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Book News: Amtrak Unveils Writers Picked For A Residency On The Rails

All aboard the writer's desk.
All aboard the writer's desk.

The daily lowdown on books, publishing, and the occasional author behaving badly.

Amtrak has announced the inaugural class of its brand-new writers residency program. Out of a crop of some 16,000 applications, the railroad service has picked just 24 writers to ride the rails on a long-distance train — and to write while they do so.

The announcement has been nearly a year in the making, taking a steady but winding route from conception to completion. The residency began as a brief wish spoken by author Alexander Chee in an interview, found support in a tweet from Jessica Gross, soon ran as a test case — and an article in The Paris Review — and finally arrived at the two-dozen applicants now chosen, partly by Chee himself, who served on the panel of judges.

The group ranges from a doctoral candidate at work on his dissertation (Korey Garibaldi) to a former spy for the CIA (Lindsay Moran), from a noted film critic (Lisa Schwarzbaum) to even a regular NPR contributor (Glen Weldon). You can see the full list of residents here.

'Do Not Underestimate This Anger':Neil Gaiman describes what it's like to arrive late to an interview with Terry Pratchett — and the simmering anger it exposed in the otherwise kindly, prolific writer. In his introduction to Pratchett's nonfiction collection A Slip of the Keyboard, excerpted in The Guardian, Gaiman speaks of Pratchett's distinctive style:

"I suppose that, if you look quickly and are not paying attention, you might, perhaps, mistake it for jolly. But beneath any jollity there is a foundation of fury. Terry Pratchett is not one to go gentle into any night, good or otherwise."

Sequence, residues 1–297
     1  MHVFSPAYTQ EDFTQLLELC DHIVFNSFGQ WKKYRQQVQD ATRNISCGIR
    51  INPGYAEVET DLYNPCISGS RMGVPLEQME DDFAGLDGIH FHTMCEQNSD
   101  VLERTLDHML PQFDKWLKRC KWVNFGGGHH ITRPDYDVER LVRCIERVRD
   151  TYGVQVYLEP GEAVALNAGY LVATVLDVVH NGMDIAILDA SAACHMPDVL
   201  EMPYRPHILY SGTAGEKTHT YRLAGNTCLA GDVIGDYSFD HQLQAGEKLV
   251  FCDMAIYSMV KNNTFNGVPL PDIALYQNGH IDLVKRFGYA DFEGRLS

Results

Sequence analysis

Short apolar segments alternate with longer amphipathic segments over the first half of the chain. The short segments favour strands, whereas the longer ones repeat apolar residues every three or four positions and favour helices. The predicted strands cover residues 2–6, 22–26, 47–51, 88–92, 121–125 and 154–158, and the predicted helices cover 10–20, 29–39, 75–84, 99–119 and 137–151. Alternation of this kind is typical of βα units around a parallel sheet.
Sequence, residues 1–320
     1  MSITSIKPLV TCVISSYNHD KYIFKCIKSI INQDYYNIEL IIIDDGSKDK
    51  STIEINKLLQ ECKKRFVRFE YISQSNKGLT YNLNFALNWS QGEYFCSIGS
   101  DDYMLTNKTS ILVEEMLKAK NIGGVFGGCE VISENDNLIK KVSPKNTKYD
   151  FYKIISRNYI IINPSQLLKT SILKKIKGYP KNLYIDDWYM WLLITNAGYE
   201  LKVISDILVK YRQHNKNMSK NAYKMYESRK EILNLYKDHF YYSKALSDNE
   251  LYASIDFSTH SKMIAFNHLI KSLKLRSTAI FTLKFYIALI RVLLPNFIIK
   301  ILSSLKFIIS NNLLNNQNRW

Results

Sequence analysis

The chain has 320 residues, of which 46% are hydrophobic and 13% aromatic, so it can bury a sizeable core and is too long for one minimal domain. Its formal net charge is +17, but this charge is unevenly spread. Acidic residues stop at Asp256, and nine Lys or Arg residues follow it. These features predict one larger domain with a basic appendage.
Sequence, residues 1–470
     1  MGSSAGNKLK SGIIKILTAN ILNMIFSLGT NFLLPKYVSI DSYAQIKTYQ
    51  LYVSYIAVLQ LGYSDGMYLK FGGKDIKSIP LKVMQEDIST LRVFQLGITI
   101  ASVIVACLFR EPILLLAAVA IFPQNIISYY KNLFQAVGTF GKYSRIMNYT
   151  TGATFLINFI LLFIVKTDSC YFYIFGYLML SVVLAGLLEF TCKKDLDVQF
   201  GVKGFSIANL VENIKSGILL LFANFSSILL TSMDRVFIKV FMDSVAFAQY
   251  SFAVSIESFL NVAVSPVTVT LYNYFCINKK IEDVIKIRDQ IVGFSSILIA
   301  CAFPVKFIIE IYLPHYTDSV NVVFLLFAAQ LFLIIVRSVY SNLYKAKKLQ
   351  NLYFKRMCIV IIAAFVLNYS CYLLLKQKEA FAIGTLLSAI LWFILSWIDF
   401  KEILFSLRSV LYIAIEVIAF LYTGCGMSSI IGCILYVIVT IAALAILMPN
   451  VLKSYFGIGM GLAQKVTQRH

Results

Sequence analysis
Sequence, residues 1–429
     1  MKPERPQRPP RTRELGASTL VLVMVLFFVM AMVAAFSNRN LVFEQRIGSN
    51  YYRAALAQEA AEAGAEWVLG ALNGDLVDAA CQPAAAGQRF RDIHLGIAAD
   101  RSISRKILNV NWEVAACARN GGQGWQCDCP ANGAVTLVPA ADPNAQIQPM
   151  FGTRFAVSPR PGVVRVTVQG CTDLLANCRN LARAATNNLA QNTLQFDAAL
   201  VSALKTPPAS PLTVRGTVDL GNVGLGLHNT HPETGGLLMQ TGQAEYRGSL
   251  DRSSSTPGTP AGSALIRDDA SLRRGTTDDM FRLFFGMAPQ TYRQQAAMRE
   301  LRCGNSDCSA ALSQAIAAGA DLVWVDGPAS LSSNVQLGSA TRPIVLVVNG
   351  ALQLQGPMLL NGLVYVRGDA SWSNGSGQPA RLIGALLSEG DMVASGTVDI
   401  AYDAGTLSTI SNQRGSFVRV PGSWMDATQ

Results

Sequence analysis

A Break For Flash Fiction:Zimiri Yaseen has a quiet, sweet — and brief — story about a son and his stroke-stricken father, just out in Guernica. It reads: "like a giant clam taking a deep sea breath, i imagine, his fingers slowly unfurled. then i would slap at his dry palm and the fingers would close, slowly."

Slate Goes Back For Seconds:Slate and the Whiting Foundation are collaborating to give second novels a bit of a boost. Citing the disappointment or neglect that often dogs novelists' sophomore efforts, Dan Kois explains that the Slate/Whiting Second Novel List, also called "We Second That," isn't exactly another prize, so much as it is a means of encouragement and publicity: "Is this an award? No, not really. It's akin to being retweeted by your literary idol, or finding out that the classmate you have a crush on thinks you're cute. A mash note from the cosmos!"

The list of five novels will be announced Nov. 19, followed by a week of essays featuring each book in turn.

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